15 Sep Every 3 Minutes A Concussion!
It’s fall and school is back in session, and your kids may be playing school sports. As parents we know the benefits playing team sports has on our kids. However, many of us worry about sports injuries. What would happen if our kid was seriously hurt while playing his or her favorite sport?
Unfortunately it is common for kids to get hurt when playing a sport. In fact 1.35 million emergency room visits occur each year due to a severe sports injury according to Safe Kids Worldwide. Most injuries were strains, and sprains. followed by fractures, bruises and scrapes. But 163,000 of those ER visits were for concussions. In short about one child every three minutes is concussed. Nearly half of those concussions occurred in children between 12 and 15 years old. This statistic is worrying to parents because a recent study done by the American Academy of Neurology say that it takes kids this age longer to recover from a concussion then college age athletes.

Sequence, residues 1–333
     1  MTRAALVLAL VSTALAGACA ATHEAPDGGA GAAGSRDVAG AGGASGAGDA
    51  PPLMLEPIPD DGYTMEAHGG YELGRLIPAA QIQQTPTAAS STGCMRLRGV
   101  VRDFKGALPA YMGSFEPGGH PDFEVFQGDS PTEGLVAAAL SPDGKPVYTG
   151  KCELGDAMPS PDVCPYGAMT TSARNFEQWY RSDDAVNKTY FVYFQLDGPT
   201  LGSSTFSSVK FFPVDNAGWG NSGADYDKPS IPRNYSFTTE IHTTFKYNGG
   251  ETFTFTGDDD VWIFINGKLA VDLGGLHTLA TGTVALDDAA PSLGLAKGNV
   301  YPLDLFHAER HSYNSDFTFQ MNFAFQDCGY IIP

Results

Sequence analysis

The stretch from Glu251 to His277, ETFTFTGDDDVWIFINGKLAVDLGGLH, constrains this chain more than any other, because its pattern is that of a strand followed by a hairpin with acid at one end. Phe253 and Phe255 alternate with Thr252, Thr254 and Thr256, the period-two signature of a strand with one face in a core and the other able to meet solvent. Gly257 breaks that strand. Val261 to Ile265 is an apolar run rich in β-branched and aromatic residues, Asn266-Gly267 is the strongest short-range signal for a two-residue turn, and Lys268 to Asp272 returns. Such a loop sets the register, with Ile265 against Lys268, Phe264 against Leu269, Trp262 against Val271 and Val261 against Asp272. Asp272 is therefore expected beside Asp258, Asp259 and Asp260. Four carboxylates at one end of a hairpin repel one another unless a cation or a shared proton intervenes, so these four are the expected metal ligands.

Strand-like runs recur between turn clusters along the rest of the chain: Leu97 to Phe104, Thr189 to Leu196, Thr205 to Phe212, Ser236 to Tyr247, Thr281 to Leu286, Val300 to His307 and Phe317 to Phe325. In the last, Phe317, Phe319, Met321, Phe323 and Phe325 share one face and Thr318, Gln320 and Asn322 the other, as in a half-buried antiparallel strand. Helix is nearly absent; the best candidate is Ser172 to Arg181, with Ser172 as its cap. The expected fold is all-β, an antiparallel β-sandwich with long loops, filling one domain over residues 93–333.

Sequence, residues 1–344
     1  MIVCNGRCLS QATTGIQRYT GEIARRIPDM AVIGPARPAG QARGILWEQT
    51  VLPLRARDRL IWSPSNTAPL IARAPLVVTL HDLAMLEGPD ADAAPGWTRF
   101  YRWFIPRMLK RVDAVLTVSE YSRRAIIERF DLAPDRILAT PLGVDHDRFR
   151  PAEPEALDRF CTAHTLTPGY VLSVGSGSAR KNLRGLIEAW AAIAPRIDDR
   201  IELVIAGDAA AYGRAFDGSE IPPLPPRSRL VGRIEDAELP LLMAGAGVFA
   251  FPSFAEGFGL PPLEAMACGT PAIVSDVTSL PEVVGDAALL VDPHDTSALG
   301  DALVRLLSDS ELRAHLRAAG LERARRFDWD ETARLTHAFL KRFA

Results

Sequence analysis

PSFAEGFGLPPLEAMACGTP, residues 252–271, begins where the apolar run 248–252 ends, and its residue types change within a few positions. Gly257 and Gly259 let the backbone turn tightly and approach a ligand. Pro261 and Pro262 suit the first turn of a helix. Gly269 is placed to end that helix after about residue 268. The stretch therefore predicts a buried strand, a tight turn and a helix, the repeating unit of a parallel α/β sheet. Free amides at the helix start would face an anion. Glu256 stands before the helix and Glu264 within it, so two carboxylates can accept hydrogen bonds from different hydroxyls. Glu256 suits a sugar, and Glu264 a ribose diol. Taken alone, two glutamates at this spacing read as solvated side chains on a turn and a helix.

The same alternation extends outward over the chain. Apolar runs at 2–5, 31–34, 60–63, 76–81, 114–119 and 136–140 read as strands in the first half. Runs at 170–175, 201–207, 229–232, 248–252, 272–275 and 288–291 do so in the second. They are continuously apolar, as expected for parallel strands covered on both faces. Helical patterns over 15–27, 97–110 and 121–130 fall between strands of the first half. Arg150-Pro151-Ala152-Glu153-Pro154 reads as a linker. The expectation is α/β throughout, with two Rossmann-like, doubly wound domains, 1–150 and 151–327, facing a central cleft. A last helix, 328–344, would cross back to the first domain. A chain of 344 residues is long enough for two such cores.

The new guidelines say athletes with a suspected concussion should be removed from the game immediately and can not return until a licensed health care professional trained in concussions allows them to return to play. Athletes should not return until all symptoms are gone.
Know The Signs of A Concussion
- If your child appears to be dazed or confused.
- Complains of a headache.
- Light and sound sensitivity.
- Reaction time is slow.
- Memory is lost or speech is slurred
- Most athletes never black out less than 10 percent.
If you child has already had one concussion are at a higher risk of getting another concussion within 10 days. That is why its so important to get your kid checked out by a health professional that is trained in concussions. Also make sure your kid takes the necessary time to recover from a concussion. Many kids feel that they are letting the team down by sitting out. But in truth they are protecting one of their most valuable assets their brain.
Unfortunately there are no special helmets, or mouth guards that can reduce the risks of concussions. The best you can do it make sure the helmet has no cracks and it fits properly. If your kid takes a hard hit to the head insist that he or she sits out the rest of the game. Dr. Jeffrey S. Kutcher, an associate professor of neurology with the University of Michigan Medical School states “If in doubt, sit it out. ” This is sage advice and young athletes need to follow it.
You can get a concussion participating in many different types of sports. But the highest risk is in football, and rugby, followed by hockey ,soccer, basketball and cheer leading. Be careful out there and please protect your brain.
Have a great day